Sidney Powell speaking during a press conference at the Republican National Committee headquarters

Sidney Powell Is Arguing That No “Reasonable Person” Would Have Believed Her Constant Claims of Election Fraud

The Kraken releases the Tucker Carlson defense.

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In a new court filing, Sidney Powell—the rightwing lawyer who dubbed herself “The Kraken” before being kicked off Donald Trump’s legal team—has introduced a new defense for her repeated claims of election fraud. She is now arguing that the whole time she was screaming about the 2020 presidential election being rigged and stolen by Democrats, “no reasonable person” was meant to believe that her claims “were truly statements of fact.”

I mean, that defense did work for Tucker Carlson.

Whereas Carlson claimed in court that his audience watches turns to him for entertainment, not as a reliable news source, Powell is insisting that her election fraud claims were so ridiculously outlandish that no one should have believed they were true.

Powell is currently being sued for $1.3 billion by Dominion Voting Systems, the company that Powell accused of being part of a massive election fraud conspiracy that involved George Soros, antifa, and deceased former Venezuelan President Hugo Chavez.

Powell is now arguing that those claims were so unbelievable that they could literally not have been believed. And she’s actually using Dominion’s denials of her claims as evidence that they were never true.

“Indeed, Plaintiffs themselves characterize the statements at issue as ‘wild accusations’ and ‘outlandish claims.’ They are repeatedly labelled ‘inherently improbable’ and even ‘impossible.’ Such characterizations of the allegedly defamatory statements further support Defendants’ position that reasonable people would not accept such statements as fact but view them only as claims that await testing by the courts through the adversary process,” reads the court filing.

Yes, Powell accused a company of crimes, the company said those accusations were ludicrous, and Powell is now using their denial as proof that her accusations were too over-the-top to believe.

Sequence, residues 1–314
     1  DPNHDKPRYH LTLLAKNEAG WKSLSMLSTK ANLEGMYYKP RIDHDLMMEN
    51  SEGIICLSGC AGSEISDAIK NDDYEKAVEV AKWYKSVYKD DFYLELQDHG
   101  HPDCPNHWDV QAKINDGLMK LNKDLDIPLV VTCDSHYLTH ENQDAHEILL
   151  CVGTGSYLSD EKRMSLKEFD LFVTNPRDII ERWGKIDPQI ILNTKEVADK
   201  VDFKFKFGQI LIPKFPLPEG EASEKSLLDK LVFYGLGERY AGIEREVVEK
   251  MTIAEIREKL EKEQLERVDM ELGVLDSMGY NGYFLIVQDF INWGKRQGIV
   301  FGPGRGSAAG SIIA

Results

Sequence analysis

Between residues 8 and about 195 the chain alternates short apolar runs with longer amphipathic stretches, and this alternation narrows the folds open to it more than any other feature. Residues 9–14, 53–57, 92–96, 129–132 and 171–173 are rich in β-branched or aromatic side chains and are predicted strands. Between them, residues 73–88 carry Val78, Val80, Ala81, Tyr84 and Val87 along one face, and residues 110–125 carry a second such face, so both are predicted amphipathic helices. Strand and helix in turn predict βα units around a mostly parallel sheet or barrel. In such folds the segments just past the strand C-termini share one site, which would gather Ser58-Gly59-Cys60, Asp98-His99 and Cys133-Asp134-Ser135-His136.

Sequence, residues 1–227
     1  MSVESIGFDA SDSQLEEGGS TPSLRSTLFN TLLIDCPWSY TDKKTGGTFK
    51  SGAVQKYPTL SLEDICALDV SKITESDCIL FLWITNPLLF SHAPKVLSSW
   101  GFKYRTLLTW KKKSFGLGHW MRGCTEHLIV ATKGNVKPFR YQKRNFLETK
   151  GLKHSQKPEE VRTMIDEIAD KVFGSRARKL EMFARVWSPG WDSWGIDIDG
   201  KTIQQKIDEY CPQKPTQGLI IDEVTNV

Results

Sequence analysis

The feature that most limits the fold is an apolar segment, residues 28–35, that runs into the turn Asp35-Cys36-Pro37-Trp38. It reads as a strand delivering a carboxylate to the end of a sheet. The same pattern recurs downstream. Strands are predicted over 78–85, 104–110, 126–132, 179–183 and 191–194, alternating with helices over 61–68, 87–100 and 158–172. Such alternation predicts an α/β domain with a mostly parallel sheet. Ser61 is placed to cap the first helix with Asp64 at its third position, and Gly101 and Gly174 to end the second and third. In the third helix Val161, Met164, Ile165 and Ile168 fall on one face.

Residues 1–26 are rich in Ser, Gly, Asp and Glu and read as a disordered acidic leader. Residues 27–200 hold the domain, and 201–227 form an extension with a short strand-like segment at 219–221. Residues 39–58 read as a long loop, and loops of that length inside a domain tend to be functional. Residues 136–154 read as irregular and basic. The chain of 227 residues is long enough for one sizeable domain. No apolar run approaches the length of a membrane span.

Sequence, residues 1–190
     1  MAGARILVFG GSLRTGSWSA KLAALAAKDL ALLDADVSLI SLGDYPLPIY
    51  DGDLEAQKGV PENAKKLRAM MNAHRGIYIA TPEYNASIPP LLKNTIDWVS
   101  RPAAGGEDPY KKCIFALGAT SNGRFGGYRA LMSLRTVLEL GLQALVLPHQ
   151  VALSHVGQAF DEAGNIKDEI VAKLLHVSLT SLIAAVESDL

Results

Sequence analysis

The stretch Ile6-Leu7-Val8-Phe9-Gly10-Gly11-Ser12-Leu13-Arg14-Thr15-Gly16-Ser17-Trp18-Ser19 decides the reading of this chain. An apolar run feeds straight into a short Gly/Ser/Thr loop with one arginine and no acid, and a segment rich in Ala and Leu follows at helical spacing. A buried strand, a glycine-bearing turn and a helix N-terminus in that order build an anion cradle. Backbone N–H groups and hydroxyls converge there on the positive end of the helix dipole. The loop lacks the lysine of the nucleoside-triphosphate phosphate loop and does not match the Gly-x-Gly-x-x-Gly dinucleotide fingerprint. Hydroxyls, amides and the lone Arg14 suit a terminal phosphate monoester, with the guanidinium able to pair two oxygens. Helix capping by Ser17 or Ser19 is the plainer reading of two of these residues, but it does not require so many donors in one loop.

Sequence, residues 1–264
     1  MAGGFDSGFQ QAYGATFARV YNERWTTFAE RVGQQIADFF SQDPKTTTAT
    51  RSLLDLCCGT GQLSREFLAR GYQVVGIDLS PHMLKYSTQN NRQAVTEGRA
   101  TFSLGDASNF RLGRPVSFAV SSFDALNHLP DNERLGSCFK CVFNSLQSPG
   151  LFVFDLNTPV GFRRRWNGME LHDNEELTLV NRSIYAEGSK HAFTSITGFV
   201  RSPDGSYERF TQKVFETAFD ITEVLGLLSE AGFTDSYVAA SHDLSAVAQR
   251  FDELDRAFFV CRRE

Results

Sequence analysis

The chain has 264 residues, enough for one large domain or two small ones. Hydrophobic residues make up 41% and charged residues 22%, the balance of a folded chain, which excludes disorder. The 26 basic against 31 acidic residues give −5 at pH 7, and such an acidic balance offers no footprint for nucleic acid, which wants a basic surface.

Even as Powell argues that her claims were too wild to be taken at face value, she’s also having to argue that they were based in actual fact. Dominion is suing for defamation, which requires them to prove that Powell acted with malice, making statements she believed to be false.

“In fact, she believed the allegations then and she believes them now,” her lawyers write in the document.

Basically, Powell seems to be trying to walk a very precarious tightrope, claiming her accusations against Dominion were rooted in fact, she just said them in a way that no one was supposed to believe.

Reasonable or not, a whole lot of people did take Powell’s accusations of a “stolen” election at face value, as evidenced by the hundreds of pro-Trump rioters who stormed the Capitol building on January 6 in an attempt to stop the certification of electoral votes. We can’t know just how big of a role Powell played in convincing that mob that they were in the right, but it’s not insignificant.

(via CNN, BuzzFeed, image: MANDEL NGAN/AFP via Getty Images)

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Vivian Kane (she/her) is the Senior News Editor at The Mary Sue, where she's been writing about politics and entertainment (and all the ways in which the two overlap) since the dark days of late 2016. Born in San Francisco and radicalized in Los Angeles, she now lives in Kansas City, Missouri, where she gets to put her MFA to use covering the local theatre scene. She is the co-owner of The Pitch, Kansas City’s alt news and culture magazine, alongside her husband, Brock Wilbur, with whom she also shares many cats.